Breach, Data Security, Network Security

IMF and the weakest link

Let's think about the International Monetary Fund security breach, preferably without trying to tie it to the Strauss-Kahn affair: I really don't see at the moment that one has anything to do with the other.

We can, perhaps, try to put it into the context of other recent attacks on RSA, Lockheed Martin et al, since other reports have mentioned them, and they are at least incidents with a significant security dimension and a hypothetical connection – information stolen from RSA seems to have been used in the attack on Lockheed Martin, and the IMF reportedly plans to replace RSA SecurID tokens used by its employees, but the memo quoted by Bloomberg suggests that the attackers probably didn't make use of the tokens in any way.

As is customary with this kind of breach (and this kind of organization), there isn't really much information available on what was accessed, or how. While a leaked memo refers to “suspicious file transfers,” and the Bloomberg story mentions emails, the New York Times reports a very bare statement from the IMF's spokesman, David Hawley: “We are investigating an incident, and the fund is fully functional.”

Of course, the sensitive nature of transactions carried out under the IMF's auspices and the global nature of its clientele is a considerable incentive to exercise caution and secrecy. The BBC was told that "an investigation had shown a desktop at the Fund had been 'compromised and used to access some Fund systems.'"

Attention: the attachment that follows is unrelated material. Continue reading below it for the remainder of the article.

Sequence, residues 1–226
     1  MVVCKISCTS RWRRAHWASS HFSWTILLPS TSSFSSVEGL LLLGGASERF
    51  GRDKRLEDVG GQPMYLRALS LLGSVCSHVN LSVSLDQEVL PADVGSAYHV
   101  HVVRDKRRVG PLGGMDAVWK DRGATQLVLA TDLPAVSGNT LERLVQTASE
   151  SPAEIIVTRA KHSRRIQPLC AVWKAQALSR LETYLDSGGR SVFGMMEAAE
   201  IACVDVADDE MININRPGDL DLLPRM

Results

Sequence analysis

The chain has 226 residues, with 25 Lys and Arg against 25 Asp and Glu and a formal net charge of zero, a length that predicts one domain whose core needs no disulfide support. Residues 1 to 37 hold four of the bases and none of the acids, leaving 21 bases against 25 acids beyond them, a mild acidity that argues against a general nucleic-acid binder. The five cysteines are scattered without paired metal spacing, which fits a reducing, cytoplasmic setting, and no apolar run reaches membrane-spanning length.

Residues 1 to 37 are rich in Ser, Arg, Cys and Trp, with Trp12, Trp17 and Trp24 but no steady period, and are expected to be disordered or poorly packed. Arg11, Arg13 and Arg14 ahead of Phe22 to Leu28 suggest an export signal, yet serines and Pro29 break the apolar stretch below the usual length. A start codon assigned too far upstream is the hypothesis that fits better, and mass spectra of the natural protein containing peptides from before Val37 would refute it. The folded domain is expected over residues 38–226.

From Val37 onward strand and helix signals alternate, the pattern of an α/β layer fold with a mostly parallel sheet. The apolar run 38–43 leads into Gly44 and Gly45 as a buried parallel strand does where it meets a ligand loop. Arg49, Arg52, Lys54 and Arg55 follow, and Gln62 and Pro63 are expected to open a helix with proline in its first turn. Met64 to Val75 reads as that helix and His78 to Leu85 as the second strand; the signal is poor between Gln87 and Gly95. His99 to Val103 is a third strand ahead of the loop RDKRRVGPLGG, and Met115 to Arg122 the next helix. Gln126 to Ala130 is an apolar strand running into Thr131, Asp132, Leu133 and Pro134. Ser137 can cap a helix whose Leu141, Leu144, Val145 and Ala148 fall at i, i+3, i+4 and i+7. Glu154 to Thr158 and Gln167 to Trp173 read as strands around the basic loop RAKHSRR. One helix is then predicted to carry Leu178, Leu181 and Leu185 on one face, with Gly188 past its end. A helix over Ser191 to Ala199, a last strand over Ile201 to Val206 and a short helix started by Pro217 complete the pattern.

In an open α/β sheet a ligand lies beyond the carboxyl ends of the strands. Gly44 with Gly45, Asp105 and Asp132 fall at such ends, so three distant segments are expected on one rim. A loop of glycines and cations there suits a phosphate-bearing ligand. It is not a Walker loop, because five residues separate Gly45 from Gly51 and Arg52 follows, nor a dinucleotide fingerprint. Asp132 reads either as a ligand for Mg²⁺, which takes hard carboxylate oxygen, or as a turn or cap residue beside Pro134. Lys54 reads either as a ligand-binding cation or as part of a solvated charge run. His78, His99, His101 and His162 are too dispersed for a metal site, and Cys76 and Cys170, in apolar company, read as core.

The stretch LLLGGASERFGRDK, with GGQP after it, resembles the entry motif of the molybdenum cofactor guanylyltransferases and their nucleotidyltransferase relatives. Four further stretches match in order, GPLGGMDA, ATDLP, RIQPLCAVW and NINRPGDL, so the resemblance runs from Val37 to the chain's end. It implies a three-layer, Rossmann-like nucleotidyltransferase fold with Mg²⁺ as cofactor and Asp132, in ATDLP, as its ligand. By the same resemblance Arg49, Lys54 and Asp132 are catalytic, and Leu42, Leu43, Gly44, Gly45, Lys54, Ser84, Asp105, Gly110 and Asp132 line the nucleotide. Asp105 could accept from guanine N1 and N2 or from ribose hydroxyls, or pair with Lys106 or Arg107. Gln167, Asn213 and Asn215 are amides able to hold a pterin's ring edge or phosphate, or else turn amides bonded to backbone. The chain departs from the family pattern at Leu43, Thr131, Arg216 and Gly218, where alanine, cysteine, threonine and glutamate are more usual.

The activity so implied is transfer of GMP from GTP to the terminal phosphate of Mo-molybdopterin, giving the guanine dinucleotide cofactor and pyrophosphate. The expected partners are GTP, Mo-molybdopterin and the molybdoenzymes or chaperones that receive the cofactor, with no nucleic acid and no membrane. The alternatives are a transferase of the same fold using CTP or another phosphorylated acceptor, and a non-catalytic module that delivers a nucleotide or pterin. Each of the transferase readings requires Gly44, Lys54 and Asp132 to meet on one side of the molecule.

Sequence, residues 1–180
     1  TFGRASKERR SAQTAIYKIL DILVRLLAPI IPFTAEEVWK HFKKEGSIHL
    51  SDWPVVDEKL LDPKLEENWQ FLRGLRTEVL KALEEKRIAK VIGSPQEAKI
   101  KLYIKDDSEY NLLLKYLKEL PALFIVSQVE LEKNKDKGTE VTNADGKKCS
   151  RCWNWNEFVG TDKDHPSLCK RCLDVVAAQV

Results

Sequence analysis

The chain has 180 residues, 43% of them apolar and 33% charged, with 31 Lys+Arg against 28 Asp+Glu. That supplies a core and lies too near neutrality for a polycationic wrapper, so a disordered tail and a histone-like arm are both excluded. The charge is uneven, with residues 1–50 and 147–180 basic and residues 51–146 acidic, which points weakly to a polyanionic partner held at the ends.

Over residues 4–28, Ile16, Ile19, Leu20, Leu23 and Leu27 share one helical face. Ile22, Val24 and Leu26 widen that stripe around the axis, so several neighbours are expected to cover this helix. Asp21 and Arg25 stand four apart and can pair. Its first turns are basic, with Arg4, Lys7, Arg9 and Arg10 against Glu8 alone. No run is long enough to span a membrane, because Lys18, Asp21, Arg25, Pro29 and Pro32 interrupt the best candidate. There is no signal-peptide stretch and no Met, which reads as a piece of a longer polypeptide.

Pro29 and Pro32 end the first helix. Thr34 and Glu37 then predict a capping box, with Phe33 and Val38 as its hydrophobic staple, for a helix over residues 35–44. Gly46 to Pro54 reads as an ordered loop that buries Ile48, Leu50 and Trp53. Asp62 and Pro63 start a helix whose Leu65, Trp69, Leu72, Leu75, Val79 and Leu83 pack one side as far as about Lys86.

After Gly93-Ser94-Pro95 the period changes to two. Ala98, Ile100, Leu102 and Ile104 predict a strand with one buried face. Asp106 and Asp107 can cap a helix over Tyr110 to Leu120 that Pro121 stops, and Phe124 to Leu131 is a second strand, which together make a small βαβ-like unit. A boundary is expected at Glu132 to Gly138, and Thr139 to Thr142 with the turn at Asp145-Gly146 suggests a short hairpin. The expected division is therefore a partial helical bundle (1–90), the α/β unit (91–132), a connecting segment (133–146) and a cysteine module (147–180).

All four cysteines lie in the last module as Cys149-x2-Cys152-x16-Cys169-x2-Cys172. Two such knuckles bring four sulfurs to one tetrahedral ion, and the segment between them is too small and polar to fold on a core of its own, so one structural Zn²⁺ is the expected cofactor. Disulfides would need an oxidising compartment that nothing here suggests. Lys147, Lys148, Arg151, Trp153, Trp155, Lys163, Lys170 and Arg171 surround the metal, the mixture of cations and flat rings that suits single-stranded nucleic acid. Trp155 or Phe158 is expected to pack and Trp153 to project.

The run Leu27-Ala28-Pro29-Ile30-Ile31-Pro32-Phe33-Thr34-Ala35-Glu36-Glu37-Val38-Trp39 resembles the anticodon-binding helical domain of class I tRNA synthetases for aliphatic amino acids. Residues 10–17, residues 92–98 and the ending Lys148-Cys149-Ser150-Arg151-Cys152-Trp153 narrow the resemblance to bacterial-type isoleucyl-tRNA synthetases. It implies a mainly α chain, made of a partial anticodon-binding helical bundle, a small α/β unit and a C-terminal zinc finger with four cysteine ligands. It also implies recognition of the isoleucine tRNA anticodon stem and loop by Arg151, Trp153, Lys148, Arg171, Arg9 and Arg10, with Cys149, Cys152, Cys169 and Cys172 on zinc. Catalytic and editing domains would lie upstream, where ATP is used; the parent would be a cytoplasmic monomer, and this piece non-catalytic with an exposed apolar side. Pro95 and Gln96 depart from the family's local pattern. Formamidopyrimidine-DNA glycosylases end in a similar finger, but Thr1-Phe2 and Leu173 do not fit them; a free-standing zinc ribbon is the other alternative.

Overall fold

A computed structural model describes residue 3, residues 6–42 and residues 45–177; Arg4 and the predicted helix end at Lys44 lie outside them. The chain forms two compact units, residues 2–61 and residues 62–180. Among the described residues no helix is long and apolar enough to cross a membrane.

However, the memos reported by Bloomberg clearly suggest spear phishing as a likely precursor to the attack, warning employees to be cautious about opening “emails and video links,” and not to divulge passwords or open “unexpected documents.” That could, of course, be an attempt to reduce the attack surface, rather than an unequivocal indicator of the form the attack actually took, but it does make an all too familiar point once again: However good your technical security solutions are, the user is still a link in the security chain – all too often, the weakest.

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